ASTRONOMERS DISCOVER RARE EARTH-LIKE-PLANET

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Astronomers say they have discovered a planet twice the size of Earth and within a zone that could allow liquid water to exist on its surface. The discovery comes from data from NASA's Kepler space telescope that ran out of fuel in October last year.

Astronomers have described its size as unusual for an exoplanet, the term for a planet orbiting a star outside our solar system. Few planets orbiting near their stars are more than 1.5 times larger than Earth, but it is estimated that K2-288Bb is approximately 1.9 times the size of our planet.

According to NASA, the planet is half the size of Neptune and can be rich in gas, although it is possible that it is rocky. K2-288Bb, located in the direction of the constellation Taurus, is about 226 light-years away from us. This new planet, however, orbits the smaller of two cold stars in the star system called K2-288.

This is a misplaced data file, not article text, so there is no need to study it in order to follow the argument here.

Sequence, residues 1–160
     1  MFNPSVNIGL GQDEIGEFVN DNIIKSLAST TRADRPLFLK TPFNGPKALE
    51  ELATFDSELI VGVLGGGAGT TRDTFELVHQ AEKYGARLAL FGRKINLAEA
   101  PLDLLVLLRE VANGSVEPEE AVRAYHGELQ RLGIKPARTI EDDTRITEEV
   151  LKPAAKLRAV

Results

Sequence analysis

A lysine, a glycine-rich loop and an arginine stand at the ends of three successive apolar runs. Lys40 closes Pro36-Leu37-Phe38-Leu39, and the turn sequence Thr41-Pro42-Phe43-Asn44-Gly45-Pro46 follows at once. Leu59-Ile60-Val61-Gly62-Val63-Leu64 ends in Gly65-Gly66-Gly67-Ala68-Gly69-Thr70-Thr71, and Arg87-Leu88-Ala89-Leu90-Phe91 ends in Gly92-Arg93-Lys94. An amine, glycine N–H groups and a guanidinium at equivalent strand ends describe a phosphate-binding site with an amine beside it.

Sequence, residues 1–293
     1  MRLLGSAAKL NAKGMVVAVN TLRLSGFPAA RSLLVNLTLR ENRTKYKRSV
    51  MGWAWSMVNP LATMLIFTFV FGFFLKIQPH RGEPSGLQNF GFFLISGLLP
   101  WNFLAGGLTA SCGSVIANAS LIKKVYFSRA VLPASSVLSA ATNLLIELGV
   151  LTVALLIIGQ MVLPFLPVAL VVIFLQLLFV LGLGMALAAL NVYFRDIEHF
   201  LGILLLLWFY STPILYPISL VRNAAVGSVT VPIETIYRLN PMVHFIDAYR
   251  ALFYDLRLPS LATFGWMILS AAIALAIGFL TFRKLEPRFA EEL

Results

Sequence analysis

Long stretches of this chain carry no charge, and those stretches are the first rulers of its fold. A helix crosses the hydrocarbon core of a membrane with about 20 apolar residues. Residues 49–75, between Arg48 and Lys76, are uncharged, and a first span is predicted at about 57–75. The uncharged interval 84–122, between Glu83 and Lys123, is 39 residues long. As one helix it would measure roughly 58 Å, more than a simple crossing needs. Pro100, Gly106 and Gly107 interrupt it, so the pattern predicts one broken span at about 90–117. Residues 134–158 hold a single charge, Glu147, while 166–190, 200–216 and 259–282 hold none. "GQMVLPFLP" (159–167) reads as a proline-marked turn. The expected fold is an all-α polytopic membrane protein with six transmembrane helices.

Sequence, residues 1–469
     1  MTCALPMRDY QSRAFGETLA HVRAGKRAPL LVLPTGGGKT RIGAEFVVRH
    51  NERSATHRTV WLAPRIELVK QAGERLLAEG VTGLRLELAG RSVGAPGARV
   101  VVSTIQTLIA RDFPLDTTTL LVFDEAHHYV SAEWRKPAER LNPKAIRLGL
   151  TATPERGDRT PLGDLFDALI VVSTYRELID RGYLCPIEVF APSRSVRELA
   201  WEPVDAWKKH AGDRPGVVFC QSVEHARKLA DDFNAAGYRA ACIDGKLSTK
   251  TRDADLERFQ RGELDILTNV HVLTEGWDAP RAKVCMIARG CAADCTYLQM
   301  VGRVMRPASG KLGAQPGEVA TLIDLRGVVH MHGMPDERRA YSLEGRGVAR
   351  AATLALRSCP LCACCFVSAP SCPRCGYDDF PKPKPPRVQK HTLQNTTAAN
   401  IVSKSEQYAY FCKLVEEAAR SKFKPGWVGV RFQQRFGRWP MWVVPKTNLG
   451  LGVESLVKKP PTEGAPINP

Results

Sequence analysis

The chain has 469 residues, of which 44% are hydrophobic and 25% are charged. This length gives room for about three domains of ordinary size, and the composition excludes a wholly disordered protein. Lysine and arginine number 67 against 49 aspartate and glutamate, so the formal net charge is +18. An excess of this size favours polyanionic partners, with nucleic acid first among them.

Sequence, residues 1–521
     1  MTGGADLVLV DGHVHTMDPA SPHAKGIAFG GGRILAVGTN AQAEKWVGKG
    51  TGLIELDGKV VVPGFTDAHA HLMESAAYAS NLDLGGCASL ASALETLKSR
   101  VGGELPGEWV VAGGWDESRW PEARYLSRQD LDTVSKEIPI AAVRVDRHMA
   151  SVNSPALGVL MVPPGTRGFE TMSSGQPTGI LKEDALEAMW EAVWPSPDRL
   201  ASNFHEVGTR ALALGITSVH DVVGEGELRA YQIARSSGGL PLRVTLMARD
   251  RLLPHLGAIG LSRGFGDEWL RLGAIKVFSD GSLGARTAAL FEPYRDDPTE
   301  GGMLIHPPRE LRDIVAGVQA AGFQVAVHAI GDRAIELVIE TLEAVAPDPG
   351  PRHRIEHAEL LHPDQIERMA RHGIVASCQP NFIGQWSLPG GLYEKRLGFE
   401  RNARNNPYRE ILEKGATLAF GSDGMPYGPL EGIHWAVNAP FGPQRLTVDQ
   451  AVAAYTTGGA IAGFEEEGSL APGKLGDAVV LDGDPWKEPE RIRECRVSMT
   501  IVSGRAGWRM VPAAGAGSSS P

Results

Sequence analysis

Kepler, who died from a lack of fuel, discovered more than 2,600 confirmed planets, of which about 50 can be the same size and temperature as Earth. The telescope data also helped scientists determine whether a planet has a solid surface, such as Earth, or a gaseous one, such as Jupiter.

However, Kepler is no longer in search of planets, NASA hopes a new space telescope will help in the quest: the Transiting Exoplanet Survey Satellite, which began its two-year mission in April last year. Scientists said the new satellite will examine 200,000 nearby stars in search of rocky planets the size of Earth.

"We have learned from Kepler that there are more planets than stars in our sky, and now TESS will open our eyes to the variety of planets around some of the nearest stars," said Paul Hertz, director of NASA's astrophysics division. [ ScienceAlert ]
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